A few days after their return to London, Mrs. Fisher began to feel regret.
"It's because you are more firmly fixed in heaven," Lotty told her. For Lotty had come to tea, bright as an azalea in the dimness of the drawing room at Prince of Wales Terrace. "When you have your feet well planted in heaven, then you find you have room to be generous."
Mrs. Fisher could not help smiling at the image of herself ankle-deep in the earth. It would only encourage the buds, she felt. Yet her mouth drew into a frown when she came to the substance of what Lotty had said. "That is precisely what I regret: that I let the time to be generous pass. You invited Mr. Wilkins immediately upon your arrival, and even Rose wrote to Mr. Arbuthnot in time for him to join us in San Salvatore. But I spoke so often of asking Kate down, and still I put off doing so till our month had ended."
"Well," said Lotty, "it's just as well you did, for Mr. Briggs could not have stayed in her room if she were in it."
This was undeniable, but it did not assuage Mrs. Fisher's sense of stinginess. How small, how mean she had been to use Kate as an abstract obstacle, without wishing the actual Kate to enjoy any of San Salvatore's overflowing riches! "She would have loved the wisteria," Mrs. Fisher said. "And the acacias. I do wish I had invited her."
"Invite her here, then."
Mrs. Fisher blinked. "Here?" she said.
"You have a garden," Lotty pointed out.
So she did. It was somewhat indistinct through the raindrops on the windows, but what could be seen of it was a lush green, and she knew the apple trees were blooming, and the rhododendrons beginning to come out in large, soft clusters, even here in London.
"Well," she said.
"Don't wait much longer," Lotty advised, rising from her chair. "I must go see about Mellersh's dinner now, but I want to hear all about Kate's visit next time I come." Lotty leaned down to kiss Mrs. Fisher, bent her cheek to receive a kiss in return, and then slipped quickly from the room.
Mrs. Fisher pushed herself to her feet and made her way to the window to look out at the dripping trees. She was still conscious that she had acted selfishly, but she was now also thinking of Lotty's kisses, how common they had become in so short a time, and of what it was to be a person who had attracted such a friend. Surely she did have the wherewithal to be generous. She seated herself at the writing-table between the windows, took paper and pen from the drawer, and began a note.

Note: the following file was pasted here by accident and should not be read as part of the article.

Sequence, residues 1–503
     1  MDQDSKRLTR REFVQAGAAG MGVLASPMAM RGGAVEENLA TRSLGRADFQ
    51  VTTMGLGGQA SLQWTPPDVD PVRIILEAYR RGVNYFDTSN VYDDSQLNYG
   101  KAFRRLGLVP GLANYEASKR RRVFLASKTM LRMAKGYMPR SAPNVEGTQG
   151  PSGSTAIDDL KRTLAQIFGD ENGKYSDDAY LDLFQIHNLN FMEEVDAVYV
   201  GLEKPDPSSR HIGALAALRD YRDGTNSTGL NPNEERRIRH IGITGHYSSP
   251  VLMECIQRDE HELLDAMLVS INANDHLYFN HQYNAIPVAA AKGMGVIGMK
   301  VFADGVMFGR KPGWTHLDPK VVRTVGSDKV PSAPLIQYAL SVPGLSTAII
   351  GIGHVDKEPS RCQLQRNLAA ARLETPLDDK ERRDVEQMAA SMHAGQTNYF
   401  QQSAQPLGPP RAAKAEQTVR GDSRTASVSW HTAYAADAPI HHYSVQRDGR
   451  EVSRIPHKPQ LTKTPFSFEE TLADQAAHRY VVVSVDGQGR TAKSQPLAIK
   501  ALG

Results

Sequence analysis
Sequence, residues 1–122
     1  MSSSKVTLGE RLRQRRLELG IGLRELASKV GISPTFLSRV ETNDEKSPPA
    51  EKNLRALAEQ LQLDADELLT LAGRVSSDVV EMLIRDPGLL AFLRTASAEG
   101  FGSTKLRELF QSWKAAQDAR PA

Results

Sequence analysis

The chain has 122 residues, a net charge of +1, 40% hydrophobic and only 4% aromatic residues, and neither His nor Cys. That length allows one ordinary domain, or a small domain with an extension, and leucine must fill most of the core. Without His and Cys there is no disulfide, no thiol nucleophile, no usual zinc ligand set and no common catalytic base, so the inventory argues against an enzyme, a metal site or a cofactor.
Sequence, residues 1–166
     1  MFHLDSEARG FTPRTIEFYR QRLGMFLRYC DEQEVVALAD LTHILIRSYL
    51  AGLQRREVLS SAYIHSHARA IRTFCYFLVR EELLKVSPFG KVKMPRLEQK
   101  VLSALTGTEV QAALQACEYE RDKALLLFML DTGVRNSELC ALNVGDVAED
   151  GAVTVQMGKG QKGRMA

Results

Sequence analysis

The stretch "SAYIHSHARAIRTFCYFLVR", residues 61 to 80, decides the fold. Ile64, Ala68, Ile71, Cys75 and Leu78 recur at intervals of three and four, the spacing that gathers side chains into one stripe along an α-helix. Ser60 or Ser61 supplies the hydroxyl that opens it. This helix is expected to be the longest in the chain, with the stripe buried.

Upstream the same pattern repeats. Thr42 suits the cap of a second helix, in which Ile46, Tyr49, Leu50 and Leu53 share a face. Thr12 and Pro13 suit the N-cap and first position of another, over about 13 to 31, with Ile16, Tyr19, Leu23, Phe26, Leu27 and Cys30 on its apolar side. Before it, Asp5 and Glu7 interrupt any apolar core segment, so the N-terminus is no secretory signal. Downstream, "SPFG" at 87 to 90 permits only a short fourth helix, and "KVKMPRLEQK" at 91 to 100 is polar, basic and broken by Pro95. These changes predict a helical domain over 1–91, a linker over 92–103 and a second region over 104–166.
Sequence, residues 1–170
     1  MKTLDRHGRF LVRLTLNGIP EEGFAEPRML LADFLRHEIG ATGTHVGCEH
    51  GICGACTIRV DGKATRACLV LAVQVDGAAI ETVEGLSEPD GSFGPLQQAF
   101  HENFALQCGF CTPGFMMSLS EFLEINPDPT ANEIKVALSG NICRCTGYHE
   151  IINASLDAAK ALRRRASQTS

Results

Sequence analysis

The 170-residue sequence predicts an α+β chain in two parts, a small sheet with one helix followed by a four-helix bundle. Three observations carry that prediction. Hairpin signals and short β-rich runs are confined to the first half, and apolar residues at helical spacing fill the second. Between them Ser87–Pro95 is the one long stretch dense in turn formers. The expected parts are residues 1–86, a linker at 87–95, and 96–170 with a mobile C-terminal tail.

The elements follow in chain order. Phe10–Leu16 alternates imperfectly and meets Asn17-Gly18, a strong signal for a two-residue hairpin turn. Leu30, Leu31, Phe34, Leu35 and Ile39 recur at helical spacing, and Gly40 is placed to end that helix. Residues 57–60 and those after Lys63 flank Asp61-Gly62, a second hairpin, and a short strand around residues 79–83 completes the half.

"Lizzy," Kate said upon entering the garden. "You're looking well."
Kate's voice held a rather unflattering note of surprise, but Mrs. Fisher was sitting under a canopy of delicate apple blossoms and a sky streaked blue between the clouds, and had for once no need to bristle. "Italy agreed with me," she said peaceably. "Won't you sit down?"
Kate asked where she had been, then, and what San Salvatore was like, and Mrs. Fisher paused, trying to think how to describe it. The rooms and terraces and gardens were immediately before her mind's eye, but in the end what she said was, "I met the most extraordinary people."
"You look like you've had a real holiday," Kate said. She sounded pleased, genuinely pleased, for Mrs. Fisher's sake; not jealous nor suspicious of Mrs. Fisher's branching out in an unfamiliar direction. Perhaps one might speak of new thoughts even to old friends. Perhaps thinking that one could not had also been a mean and stingy view.